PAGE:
Cases argued and decided in the Supreme Court of Texas, during the latter part of the Tyler term, 1874, and the first part of the Galveston term, 1875. Volume 42. Page: 371
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1875.] WALKER V. THE STATE. 371
Opinion of the Court.
"satisfied, beyond a reasonable doubt, from all the testimony
"adduced, that the means used by the defendant were likely to
"kill or do great bodily harm, and the circumstances connected
" with the homicide manifested a fixed design to kill, although
"it may have existed but for a moment, and it is not otherwise
"shown that the act was the result of rash, sudden impulse or
"passion, then the jury will return their verdict guilty of
"murder in the first degree, and assess the punishment to be
" either death or punishment in the penitentiary for life."
It often happens that facts are assumed as true, in a charge,
without any prejudice to the accused. For instance, in this
case, had it been assumed that Butler was killed by a pistol
shot, it could not have injured the defendant, for that was a
fact about which there was no question or doubt, and no effort,
as shown by the evidence, to controvert it. It is very different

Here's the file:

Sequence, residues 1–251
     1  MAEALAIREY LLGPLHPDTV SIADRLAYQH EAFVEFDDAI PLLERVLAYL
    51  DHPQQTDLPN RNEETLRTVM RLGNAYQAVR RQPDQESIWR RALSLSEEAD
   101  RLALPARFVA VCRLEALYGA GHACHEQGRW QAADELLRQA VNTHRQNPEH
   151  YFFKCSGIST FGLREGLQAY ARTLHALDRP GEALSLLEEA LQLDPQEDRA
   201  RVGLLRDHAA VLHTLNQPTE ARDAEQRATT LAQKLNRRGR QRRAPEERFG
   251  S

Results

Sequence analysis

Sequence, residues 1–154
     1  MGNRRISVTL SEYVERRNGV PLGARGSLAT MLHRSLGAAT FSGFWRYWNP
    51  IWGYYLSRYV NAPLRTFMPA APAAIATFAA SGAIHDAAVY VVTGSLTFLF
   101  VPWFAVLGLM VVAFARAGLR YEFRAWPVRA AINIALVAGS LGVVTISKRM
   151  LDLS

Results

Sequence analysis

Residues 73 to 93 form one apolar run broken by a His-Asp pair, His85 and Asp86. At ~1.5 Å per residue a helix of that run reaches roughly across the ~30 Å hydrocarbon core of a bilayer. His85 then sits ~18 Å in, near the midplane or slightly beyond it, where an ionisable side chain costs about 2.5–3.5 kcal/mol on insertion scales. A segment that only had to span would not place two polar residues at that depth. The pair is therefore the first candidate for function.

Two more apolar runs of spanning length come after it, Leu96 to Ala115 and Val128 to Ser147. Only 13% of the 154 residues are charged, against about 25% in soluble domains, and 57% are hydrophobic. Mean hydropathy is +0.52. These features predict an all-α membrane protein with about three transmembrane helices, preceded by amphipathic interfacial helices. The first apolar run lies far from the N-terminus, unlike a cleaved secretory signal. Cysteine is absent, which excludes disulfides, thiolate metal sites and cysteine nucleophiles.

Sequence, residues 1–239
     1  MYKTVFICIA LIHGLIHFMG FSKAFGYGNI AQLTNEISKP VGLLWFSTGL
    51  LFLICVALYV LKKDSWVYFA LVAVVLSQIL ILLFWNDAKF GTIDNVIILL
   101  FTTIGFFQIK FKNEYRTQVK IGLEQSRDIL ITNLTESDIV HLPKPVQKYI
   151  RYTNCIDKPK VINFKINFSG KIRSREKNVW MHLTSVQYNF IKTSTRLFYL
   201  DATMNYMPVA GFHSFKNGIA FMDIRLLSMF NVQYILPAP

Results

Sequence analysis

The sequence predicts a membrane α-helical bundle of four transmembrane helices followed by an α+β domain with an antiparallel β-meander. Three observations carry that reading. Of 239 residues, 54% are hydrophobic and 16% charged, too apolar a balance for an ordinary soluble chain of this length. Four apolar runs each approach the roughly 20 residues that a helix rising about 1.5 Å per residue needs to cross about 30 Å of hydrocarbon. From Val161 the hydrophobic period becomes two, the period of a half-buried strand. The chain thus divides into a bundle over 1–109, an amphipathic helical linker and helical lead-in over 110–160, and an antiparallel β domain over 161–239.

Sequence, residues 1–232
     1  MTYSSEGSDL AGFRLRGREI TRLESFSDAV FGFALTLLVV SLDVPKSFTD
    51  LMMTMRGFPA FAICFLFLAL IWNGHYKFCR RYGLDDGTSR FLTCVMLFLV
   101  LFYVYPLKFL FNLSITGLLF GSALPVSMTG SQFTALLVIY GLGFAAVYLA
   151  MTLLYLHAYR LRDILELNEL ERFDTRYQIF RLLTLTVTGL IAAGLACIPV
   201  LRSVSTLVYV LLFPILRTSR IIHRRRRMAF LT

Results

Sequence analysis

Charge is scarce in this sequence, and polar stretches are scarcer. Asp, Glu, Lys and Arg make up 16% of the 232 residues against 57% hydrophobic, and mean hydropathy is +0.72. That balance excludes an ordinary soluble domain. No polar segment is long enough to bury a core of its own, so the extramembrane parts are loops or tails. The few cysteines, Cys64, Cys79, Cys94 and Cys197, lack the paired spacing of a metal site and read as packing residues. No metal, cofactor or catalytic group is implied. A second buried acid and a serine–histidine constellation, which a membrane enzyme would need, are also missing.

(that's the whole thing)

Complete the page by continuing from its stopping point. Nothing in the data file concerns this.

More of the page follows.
where the charge is so shaped as to take it for granted
that the defendant is the person who did the act of shooting,
when that is the only fact in controversy, as exhibited in the
evidence. Being placed prominently in the conclusion of the
principal charge, and being applied to this case directly, in
connection with such facts as would be sufficient to make the
killing murder in the first degree, by the defendant, none of
which additional facts were in controversy at all, it was well
calculated to injure the rights of the defendant." (Paschal's
Digest, Article 3137.) The expression, that if the jury are
satisfied " that the means used by the defendant were likely
( to kill," etc., " the jury will return their verdict of murder
"in the first degree," indicated the opinion of the judge as
plainly, and much more injuriously than if it had been directly
expressed, under all the circumstances of the case.
The charge of the court, that dying declarations were
: worthy of the same credit as other evidence," was also objectionable
as a charge upon the weight of evidence. The rule
of law is, that such declarations, though not under oath, are
admissible evidence; but there is no rule of law that determines
their weight in comparison with other evidence, as the
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Texas. Supreme Court. Cases argued and decided in the Supreme Court of Texas, during the latter part of the Tyler term, 1874, and the first part of the Galveston term, 1875. Volume 42., book, 1881; St. Louis, Mo.. (texashistory.unt.edu/ark:/67531/metapth28531/m1/379/: accessed April 26, 2017), University of North Texas Libraries, The Portal to Texas History, texashistory.unt.edu; .